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    How to Configure the IOS Classic Firewall

    By admin | August 28, 2009

    The Cisco IOS Classic Firewall implements stateful inspection of traffic flow through the router. The router intercepts packets that it has been configured to intercept, and tracks the state of the packets and compares them against patterns of normal behavior.

    The IOS code understands the way that specific protocols operate, and IOS provides support for more than just TCP and User Datagram Protocol (UDP) packets.

    Cisco IOS Firewall offers services that operate at the application layer of the OSI model. The following application layer features are shown in Table 1, along with related configuration keywords that are implemented for the following protocols with IOS 12.4.

    We can split the configuration of the IOS Classic Firewall into three steps:

    STEP 1 Configure the ACL to block traffic from the unsecure network.

    STEP 2 Create the inspection rules.

    STEP 3 Apply the ACL and inspection rule to an interface.

    We are going to base this configuration on below topogoly.

    ios-

    You can see from the topo that we have a router with the inside (trusted) IP address of 192.168.1.1/24. The outside (untrusted) IP address is 10.0.0.1/24. We are going to configure IOS Classic Firewall to protect the inside network from the outside network.

    Under this default configuration, traffic originating from the inside is inspected and return traffic allowed. No traffic originating from the outside will be allowed to access the inside.

    Step 1: Configure the ACL to Block Traffic from the Unsecure Network

    The first step is to configure an access list on the router to block all traffic from the outside (untrusted) network. In this example, we are not advertising any services to the outside network. Therefore, we can use a single ACL rule to deny all traffic

    Router(config)# access-list 120 deny ip any any

    The preceding syntax creates access list 120 that will deny all IP traffic from any source to any destination. We will apply this to the outside interface in Step 3.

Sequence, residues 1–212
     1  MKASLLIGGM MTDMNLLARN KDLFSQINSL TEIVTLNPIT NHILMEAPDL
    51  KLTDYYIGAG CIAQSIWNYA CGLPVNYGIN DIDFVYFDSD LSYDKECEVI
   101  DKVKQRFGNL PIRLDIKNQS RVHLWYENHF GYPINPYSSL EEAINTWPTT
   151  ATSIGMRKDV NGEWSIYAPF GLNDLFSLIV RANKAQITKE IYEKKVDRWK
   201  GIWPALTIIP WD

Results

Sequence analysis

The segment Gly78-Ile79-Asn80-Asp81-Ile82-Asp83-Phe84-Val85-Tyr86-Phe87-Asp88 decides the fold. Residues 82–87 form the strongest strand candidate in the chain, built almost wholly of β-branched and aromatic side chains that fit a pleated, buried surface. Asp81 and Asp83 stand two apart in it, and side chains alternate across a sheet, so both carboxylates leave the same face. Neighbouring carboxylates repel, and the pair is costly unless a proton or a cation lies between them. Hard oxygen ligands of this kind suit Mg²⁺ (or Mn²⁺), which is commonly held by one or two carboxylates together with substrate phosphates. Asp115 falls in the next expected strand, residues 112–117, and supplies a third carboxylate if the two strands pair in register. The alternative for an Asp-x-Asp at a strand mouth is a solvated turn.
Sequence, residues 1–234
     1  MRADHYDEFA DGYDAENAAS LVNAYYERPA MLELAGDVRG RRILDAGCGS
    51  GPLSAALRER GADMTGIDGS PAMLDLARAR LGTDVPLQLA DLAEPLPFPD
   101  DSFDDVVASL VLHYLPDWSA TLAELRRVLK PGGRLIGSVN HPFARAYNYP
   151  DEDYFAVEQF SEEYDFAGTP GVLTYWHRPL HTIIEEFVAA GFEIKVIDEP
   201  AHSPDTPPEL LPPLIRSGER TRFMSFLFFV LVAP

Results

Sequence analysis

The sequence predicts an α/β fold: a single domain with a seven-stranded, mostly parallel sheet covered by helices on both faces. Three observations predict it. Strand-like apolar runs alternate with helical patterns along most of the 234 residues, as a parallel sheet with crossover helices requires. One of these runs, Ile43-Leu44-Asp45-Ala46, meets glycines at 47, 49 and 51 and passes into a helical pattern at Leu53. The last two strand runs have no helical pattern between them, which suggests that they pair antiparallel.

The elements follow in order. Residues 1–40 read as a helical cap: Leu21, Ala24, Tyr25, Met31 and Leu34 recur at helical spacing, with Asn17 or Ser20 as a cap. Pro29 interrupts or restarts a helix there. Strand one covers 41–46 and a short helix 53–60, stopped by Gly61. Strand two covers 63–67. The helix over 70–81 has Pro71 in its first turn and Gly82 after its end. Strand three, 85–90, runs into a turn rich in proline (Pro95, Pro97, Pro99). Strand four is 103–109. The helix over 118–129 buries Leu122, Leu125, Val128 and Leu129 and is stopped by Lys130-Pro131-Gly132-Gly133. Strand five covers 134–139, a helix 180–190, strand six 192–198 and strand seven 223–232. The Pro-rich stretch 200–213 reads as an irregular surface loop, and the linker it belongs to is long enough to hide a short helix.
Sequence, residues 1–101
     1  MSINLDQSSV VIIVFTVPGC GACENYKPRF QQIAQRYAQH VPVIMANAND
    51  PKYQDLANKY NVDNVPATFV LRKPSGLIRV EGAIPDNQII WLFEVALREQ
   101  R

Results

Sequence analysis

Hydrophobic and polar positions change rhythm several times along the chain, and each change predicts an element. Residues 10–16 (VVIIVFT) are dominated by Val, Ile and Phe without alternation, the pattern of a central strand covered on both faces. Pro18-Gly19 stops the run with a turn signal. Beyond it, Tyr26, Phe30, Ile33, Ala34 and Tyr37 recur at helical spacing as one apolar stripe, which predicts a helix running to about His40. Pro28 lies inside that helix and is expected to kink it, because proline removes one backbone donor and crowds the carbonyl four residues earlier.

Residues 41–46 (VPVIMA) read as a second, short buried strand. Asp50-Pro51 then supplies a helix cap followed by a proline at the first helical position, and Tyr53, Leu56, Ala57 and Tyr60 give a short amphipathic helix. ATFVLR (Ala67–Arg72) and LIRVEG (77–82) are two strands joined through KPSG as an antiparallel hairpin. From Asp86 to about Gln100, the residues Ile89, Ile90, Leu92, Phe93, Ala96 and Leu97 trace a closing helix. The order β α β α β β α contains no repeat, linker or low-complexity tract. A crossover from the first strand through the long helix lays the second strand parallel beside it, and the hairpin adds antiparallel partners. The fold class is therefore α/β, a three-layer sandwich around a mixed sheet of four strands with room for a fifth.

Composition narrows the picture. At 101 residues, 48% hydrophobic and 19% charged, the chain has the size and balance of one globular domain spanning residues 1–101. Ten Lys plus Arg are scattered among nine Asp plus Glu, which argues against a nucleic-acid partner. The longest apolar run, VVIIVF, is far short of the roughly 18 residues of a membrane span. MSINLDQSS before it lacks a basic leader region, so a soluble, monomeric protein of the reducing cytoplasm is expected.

Step 2: Create the Inspection Rules

    Now that we have created the access list, the next step is to configure the inspection rules. Because we are using general Internet traffic through the router, we will enable protocol inspection for TCP, UDP, and ICMP. To achieve this, we have to create an inspection rule and configure it to inspect TCP, UDP, and ICMP:

    Router(config)# ip inspect name MYFW tcp

    Router(config)# ip inspect name MYFW udp

    Router(config)# ip inspect name MYFW icmp

    These three lines of configuration create an inspection rule called MYFW and configure TCP, UDP, and ICMP inspection.

    Step 3: Apply the Inspection Rules to an Interface

    Now that the access list and inspection rule has been configured, we need to apply them to an interface for the IOS Firewall to be effective.

    The general rule when applying access lists is to place the access list as near to the traffic as possible. This is also the same for the inspection rule. So, we need to apply the access list inbound on the outside (untrusted) network so that traffic is prevented from entering the interface. We also need to apply the inspection rule outbound on the inside (trusted) network so that the traffic destined for the outside network will be inspected.

    The following configuration applies the access list to the outside, fa0/0 interface:

    Router(config)# interface fa0/0

    Router(config-if)# ip access-group 120 out

    The following configuration applies the inspection rule we created in Step 2 to the inside, fa0/1 interface:

    Router(config)# interface fa0/1

    Router(config-if)# ip inspect MYFW out

    The IOS Classic Firewall is now configured and will be operational. The IOS Firewall dynamically creates access list entries to access list 120.

    Use the following commands to verify and show the IOS Classic Firewall in operation:

             

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    Topics: CCSP, CCSP Articles | No Comments »

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